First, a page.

Ricardo has delivered a demonstrator robotic, pilot-controlled towing vehicle known as TaxiBot to Israel Aerospace Industries (IAI).
The demonstrator, a six-wheeled vehicle, is capable of towing Boeing 747 and Airbus A340 airliners.
The Taxibot is based on a Krauss Maffei PTS-1 aircraft towbarless tractor that has been redesigned, modified and rebuilt by Ricardo to install IAI's idea of a turret and energy absorption systems and controls.
On engaging with the TaxiBot, the nose wheel of the aircraft enters the vehicle turret that can rotate freely and hence take steering and braking requests directly from the nose wheel.
With the TaxiBot engaged the flight, crew can manoeuvre the aircraft around the taxi-ways of the airport, relying solely on auxiliary power units for on-board power and air conditioning needs.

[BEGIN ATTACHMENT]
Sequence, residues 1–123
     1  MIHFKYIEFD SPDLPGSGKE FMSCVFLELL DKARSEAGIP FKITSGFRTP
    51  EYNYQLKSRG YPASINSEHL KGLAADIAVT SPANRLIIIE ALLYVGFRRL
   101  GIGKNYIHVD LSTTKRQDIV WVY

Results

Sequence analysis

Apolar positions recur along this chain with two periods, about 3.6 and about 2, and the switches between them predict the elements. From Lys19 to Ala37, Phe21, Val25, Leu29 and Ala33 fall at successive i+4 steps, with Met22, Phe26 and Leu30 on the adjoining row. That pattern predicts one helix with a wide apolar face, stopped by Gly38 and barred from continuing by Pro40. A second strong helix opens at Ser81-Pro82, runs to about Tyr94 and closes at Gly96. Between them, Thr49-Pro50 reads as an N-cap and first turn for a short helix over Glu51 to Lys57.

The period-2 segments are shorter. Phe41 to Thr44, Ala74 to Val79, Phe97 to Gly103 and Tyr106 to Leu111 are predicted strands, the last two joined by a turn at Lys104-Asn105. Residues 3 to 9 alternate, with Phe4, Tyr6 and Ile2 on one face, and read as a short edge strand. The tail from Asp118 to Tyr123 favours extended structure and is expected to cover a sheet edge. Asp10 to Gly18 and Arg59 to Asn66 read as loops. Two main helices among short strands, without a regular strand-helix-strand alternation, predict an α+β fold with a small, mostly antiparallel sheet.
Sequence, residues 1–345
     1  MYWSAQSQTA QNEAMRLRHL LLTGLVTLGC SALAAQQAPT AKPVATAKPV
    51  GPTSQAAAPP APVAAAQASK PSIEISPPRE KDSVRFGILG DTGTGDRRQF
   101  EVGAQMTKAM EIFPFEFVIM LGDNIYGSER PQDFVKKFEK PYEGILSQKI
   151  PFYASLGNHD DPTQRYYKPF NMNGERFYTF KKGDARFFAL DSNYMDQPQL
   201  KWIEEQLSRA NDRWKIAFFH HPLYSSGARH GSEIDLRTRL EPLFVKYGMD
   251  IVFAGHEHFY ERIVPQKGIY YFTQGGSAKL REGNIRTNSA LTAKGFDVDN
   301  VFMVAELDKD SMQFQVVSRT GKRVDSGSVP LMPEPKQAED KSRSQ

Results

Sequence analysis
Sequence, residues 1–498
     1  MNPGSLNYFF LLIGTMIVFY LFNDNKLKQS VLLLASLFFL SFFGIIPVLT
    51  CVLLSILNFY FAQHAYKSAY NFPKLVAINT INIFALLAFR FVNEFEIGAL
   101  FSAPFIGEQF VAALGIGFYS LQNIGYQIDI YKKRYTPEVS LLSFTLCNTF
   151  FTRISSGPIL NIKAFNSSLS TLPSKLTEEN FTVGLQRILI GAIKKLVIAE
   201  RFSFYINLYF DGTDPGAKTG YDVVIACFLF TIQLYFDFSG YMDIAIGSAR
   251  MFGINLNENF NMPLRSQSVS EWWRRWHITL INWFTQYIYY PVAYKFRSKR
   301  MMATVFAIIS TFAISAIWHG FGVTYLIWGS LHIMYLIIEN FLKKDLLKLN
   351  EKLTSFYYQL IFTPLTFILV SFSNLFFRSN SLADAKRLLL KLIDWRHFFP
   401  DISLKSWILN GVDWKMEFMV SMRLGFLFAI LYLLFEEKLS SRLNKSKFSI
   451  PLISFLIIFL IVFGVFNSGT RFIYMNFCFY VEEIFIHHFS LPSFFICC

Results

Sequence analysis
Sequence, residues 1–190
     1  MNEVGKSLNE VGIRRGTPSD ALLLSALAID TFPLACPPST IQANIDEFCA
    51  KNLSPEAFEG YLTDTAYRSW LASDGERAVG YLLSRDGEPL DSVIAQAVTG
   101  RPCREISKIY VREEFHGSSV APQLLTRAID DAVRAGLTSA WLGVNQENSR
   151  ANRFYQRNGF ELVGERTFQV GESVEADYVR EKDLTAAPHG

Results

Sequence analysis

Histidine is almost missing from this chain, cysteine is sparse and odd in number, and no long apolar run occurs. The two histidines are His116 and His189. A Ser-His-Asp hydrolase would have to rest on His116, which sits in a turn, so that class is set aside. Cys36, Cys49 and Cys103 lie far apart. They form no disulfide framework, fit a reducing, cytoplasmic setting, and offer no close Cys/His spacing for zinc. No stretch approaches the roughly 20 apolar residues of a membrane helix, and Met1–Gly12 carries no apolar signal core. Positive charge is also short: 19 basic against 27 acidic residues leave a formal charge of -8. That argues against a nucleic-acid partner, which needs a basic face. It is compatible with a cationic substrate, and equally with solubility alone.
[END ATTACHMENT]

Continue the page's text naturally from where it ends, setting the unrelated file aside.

The towing vehicle has the potential to reduce fuel costs and emissions, since at present aircraft taxiing to and from the airport terminal gate and runway is a major source of CO2 emissions, fuel consumption.
Ricardo has been involved in the project for IAI for 15 months and in June 2009, IAI and Airbus signed a memorandum of understanding for development of the Taxibot concept.
At present, the prototype assumes an operator in the vehicle, however, the control architecture of the vehicle allows for autonomous tug operation, so in future no tug driver would be needed for taxiing.